Finally the template....I didn't mean that tons of DJs are using that template...I meant tons of businesses in general. If that person sees that same design for their plumber, their lawyer and then you, do you stand out? (I know odds of that happening is rare but it's not unlikely they've seen that design before). The DJ template site I pointed you to has regional protection so no other DJ in your market will have the same design. You could also try some other template websites or hire a designer, I just recommended that site 'cause the templates are for DJs, I think they look good and there's the market protection.

I apologize for the lengthy reply and am glad you weren't offended by my constructive criticism. I think we all have our personal preferences for how we run our businesses and that's why we're each successful in our own way. I'm not trying to change how you run yours, just giving some feedback on your comments. :)

BTW: If you're interested, here's a link to my DJ website: http://www.discoverydjs.com/
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Postby Joseph Ivy » Tue Oct 31, 2006 3:06 am

Jim, I appreciate the long reply and you've raised many issues that I am planning on addressing. I just moved my pricing schedule to the top of the page so that will be one of the first things that people see.

Also, I am planning on buying a more powerful web authoring tool because I'm not satisfied with my site. However, the changes that I want to make are subtle and my site will still be drastically different from other DJ websites.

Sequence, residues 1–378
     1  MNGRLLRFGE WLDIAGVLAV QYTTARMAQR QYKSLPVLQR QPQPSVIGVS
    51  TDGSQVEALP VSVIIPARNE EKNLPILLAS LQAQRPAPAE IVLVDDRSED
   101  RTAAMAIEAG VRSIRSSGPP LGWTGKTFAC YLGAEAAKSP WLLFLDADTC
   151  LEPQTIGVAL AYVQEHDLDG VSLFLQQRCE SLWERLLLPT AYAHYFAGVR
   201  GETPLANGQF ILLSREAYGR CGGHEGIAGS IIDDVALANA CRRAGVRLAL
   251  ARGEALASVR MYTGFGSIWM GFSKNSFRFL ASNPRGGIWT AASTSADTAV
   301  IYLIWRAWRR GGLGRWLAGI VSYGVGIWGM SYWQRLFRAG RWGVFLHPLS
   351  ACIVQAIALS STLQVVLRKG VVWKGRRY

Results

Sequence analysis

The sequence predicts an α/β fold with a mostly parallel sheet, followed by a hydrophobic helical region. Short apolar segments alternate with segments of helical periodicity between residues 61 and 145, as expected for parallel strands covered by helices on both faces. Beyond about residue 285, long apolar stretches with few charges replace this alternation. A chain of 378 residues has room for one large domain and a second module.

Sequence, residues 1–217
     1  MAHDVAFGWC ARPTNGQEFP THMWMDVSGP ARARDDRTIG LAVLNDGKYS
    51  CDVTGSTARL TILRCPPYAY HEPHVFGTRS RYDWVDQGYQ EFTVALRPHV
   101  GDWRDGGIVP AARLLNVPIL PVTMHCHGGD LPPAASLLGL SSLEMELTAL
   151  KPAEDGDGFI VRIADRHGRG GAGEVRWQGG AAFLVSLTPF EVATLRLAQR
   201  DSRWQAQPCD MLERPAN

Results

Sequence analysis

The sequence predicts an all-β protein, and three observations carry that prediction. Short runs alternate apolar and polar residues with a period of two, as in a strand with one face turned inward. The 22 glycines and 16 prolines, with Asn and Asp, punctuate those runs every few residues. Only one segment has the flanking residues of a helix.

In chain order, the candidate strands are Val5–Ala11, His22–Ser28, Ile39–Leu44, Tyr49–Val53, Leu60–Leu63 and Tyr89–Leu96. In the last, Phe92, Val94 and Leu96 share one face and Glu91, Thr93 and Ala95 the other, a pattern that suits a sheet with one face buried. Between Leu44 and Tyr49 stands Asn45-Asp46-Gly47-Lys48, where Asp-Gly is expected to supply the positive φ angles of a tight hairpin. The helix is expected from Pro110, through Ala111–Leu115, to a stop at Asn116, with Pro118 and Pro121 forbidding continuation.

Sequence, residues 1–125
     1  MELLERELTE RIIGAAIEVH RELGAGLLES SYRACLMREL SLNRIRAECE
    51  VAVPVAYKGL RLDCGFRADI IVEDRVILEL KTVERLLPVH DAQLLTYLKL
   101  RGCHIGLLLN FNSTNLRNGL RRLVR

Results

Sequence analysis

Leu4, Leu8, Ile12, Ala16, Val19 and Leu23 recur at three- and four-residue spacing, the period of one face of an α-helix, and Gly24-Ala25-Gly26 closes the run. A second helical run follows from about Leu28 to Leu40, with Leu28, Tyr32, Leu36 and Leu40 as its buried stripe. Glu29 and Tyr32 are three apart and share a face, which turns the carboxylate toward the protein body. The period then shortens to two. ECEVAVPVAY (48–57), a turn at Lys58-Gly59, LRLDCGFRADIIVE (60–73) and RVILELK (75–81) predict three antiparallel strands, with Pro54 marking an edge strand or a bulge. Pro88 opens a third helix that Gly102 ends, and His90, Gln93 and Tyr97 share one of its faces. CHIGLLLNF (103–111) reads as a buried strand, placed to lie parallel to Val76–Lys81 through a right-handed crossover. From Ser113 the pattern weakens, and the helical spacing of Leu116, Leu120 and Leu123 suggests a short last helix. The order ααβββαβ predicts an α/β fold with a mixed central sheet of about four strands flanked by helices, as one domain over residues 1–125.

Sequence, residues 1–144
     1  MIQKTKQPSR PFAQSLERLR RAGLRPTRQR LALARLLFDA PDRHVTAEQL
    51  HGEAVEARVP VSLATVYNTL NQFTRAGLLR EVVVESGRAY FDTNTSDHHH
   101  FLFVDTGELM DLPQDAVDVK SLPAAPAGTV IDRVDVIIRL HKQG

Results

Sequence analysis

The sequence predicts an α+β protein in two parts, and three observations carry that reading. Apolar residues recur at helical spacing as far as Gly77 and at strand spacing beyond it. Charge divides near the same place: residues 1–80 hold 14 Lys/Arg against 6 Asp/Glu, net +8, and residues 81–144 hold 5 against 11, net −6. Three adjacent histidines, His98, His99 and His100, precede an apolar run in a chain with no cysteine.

Thanks again for your feedback.
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Postby Dj Sean » Tue Oct 31, 2006 5:26 am

Hey Jim, I checked out your site, it seems nice.

One quick thing I noticed though, your availability checker doesn't seem to work well. It goes right to your prices page without saying IF you are available.

Also there is no way back to your home page on any of your other pages.

Both minor things, otherwise not a bad site, like most DJ sites I've seen, it doesn't (speak) high-end DJ company but I don't think mine does either.

I only say that about your site because it seems like you and Joseph want only high-end clients. Stepping up your site's look would most likely make huge improvements in that area.
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Postby Digital Scott » Tue Oct 31, 2006 11:27 am

Mine is working great. about 400 + a month.
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Postby Jim Weisz » Tue Oct 31, 2006 12:50 pm

Sean:

Thanks for the heads-up on the availability checker. There used to be some text at the top of that page that said something about me being available and they could get a free price quote below. I'll need to fix that.

Many websites don't have 'home' buttons anymore...they're pretty much a waste of a button/link. If you click on my logo you'll notice that takes you to the home page. Look at most big company websites...you won't see a home button but rather you'd click on their logo to go to their home page (UPS.com, Ebay.com, AA.com....).

I can't speak for Joseph but I don't only want high-end clients...I just don't want price shoppers or those who want $300 DJs. My wedding pricing starts at $849 (for 4-hours) and definitely isn't high-end compared to several other DJs around here who charge between $1500-$2500. I have a full-time job so I don't have time to call/e-mail people all day if they're just looking for a really cheap DJ. So I try to weed out price shoppers and let my website do a lot of the work for me.
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Postby Joseph Ivy » Tue Oct 31, 2006 7:00 pm

I'm right there with Jim,

I also have a day job and don't want to have to deal with people who expect to pay less than $500 for a DJ. I can't even recoment a DJ for that price.